Archaeological reserve “Nicopolis ad Istrum”


When Nicopolis ad Istrum was built, the safety standards were entirely different from the current ones. Since our goal was to exhibit the ruins in a way that is closest to their original appearance, our visitors should be very cautious during the walk. Do not forget that there are places of higher risk, than others. The site is under a 24-hour video surveillance.

  • Do not forget, that although the site is provided with most of the utilities for your convenience, you are still in the open.
  • Wear suitable clothes and shoes. The summer temperatures here are high and the winter temperatures are quite low.
  • In case of a sudden thunder storm be sure to shelter in your car, as quick as possible.
  • Be sure, to have water or other liquids at hand.
  • You might encounter reptiles. In such case, stay away from them. Use repellents or other medicines against or in case you have been bitten by an insect.
  • Be careful if visiting with a child/children. Each child, up to the age of 7 should be accompanied by an adult.
  • Students group are allowed only if accompanied by a teacher.
  • Walk along the alleys (the decking paths) and the marked places, only.
  • There are holes and open shafts in the pavement. Be very careful!
  • Do not walk on the walls, because they might fall down. Do not approach the edges of the excavations and do not go into them. Do not climb onto the architectural fragments and the pedestals!
  • Some sectors are exhibited below the walking level. Be cautious when you pass by or lean over to take a closer look!
  • Be careful when you are at the exhibited well – do not lean over, for it is 16 m deep!
  • In case of accident address the personnel at the site. li>
  • Emergency call - 112.

Safety recommendations

Nicopolis ad Istrum was a Roman and an Early Byzantine town. It was founded by the Roman emperor Marcus Ulpius Traianus to honor his victories over the Dacians tribes in 101 and 106. The ruins are located at the village of Nikyup, 20 km north-west of Veliko Tarnovo. The town was extended on a plateau on the left bank of the river of Yantra.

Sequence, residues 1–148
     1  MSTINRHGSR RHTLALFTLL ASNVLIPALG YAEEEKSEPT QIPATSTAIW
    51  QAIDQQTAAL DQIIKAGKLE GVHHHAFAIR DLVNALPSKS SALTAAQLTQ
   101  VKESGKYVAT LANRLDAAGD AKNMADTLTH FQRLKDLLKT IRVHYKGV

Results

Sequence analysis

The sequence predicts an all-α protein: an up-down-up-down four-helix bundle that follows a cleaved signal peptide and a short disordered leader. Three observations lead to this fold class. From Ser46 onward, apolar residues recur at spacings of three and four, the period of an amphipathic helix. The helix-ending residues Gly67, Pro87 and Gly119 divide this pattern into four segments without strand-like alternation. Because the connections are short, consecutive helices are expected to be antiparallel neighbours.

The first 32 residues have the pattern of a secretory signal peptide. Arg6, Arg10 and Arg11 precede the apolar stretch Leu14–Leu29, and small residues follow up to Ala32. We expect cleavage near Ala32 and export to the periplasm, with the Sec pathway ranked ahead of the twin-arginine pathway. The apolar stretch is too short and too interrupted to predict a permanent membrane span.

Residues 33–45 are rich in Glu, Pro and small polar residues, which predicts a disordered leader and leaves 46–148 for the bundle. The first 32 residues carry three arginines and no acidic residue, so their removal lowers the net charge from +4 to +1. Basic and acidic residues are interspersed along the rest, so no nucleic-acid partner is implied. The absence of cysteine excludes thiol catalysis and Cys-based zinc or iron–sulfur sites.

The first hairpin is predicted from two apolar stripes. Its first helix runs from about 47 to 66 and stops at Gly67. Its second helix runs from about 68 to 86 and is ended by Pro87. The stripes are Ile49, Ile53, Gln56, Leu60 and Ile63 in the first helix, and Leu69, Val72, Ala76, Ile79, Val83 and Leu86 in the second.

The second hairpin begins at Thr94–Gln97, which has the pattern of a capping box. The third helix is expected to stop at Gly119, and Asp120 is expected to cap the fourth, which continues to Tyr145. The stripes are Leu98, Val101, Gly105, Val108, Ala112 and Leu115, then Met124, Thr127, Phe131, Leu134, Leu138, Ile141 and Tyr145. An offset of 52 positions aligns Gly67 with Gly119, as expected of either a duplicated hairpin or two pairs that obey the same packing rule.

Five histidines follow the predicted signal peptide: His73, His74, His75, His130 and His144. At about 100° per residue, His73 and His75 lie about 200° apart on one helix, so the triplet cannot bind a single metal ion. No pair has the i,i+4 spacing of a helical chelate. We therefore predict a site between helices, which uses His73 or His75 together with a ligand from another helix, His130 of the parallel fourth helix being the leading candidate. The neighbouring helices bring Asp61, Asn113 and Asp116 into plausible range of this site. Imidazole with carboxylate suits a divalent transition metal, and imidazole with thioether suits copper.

It is not by chance that Nicopolis was erected at that place. The main reason was the strategic location. The two main roads of the Danubian Roman provinces crossed there. One of them started from Odessus (Varna) and connected with the road leading to the western Roman provinces. The other road was the link between the Danubian fort Novae and the Roman provinces in Asia Minor.

Initially the town belonged to the province of Trace. In the beginning of 193 Nicopolis was included in the province of Lower Moesia. Its urban area expanded after the reforms of Emperor Diocletian (284-305). Many villas, market places, settlements were built in the surroundings.

The organization of the town shows a similarity to the towns in Trace and Asia Minor – Ephesus, Smyrna, Pergamon. The Council of archons, headed by the first archon, who had a legal power, governed the town. The rest archons took care for the finances, economics, supplying with provisions and public order. The Town council and the National Assembly were very important institutions of the local authority. A community of priests worshiped the cult to the emperor, Roman and Greek divinities: Zeus, Hera, Athena, Asclepius, Dionysus, Mithras.